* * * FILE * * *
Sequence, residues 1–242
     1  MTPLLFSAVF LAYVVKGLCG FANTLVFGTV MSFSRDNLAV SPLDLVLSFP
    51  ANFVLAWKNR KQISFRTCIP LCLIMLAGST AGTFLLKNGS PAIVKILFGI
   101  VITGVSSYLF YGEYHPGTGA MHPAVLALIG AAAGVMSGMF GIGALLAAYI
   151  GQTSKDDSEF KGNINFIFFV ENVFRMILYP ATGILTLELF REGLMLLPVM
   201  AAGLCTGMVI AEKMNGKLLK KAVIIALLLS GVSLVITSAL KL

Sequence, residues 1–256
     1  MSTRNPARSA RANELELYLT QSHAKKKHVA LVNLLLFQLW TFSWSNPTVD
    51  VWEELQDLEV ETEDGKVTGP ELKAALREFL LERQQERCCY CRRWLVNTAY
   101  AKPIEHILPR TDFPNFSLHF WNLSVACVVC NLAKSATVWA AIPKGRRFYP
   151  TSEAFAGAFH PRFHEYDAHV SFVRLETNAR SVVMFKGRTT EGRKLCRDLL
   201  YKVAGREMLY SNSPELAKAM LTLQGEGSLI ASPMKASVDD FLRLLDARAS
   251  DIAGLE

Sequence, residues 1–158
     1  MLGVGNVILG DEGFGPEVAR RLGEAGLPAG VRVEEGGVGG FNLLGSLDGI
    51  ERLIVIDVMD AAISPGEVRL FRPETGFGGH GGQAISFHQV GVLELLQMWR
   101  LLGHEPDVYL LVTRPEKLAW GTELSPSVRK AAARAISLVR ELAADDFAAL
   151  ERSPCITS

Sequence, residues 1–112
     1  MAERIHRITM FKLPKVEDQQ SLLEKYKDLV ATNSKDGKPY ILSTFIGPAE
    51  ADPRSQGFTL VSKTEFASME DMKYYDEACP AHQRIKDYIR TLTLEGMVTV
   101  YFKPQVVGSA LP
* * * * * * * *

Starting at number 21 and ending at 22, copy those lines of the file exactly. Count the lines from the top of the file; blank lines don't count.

    51  ADPRSQGFTL VSKTEFASME DMKYYDEACP AHQRIKDYIR TLTLEGMVTV
   101  YFKPQVVGSA LP